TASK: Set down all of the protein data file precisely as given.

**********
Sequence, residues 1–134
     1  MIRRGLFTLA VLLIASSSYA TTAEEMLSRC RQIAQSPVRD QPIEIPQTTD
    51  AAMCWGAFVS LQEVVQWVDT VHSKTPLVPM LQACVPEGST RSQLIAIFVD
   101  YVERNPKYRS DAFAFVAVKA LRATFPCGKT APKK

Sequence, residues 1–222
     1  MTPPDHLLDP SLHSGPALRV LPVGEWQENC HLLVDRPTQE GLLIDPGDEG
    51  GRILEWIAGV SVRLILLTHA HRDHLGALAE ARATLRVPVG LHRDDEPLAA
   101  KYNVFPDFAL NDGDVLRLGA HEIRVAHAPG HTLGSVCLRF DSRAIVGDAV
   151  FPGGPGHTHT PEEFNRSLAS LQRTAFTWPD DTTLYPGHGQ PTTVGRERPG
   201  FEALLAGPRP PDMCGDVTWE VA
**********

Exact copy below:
Sequence, residues 1–134
     1  MIRRGLFTLA VLLIASSSYA TTAEEMLSRC RQIAQSPVRD QPIEIPQTTD
    51  AAMCWGAFVS LQEVVQWVDT VHSKTPLVPM LQACVPEGST RSQLIAIFVD
   101  YVERNPKYRS DAFAFVAVKA LRATFPCGKT APKK

Sequence, residues 1–222
     1  MTPPDHLLDP SLHSGPALRV LPVGEWQENC HLLVDRPTQE GLLIDPGDEG
    51  GRILEWIAGV SVRLILLTHA HRDHLGALAE ARATLRVPVG LHRDDEPLAA
   101  KYNVFPDFAL NDGDVLRLGA HEIRVAHAPG HTLGSVCLRF DSRAIVGDAV
   151  FPGGPGHTHT PEEFNRSLAS LQRTAFTWPD DTTLYPGHGQ PTTVGRERPG
   201  FEALLAGPRP PDMCGDVTWE VA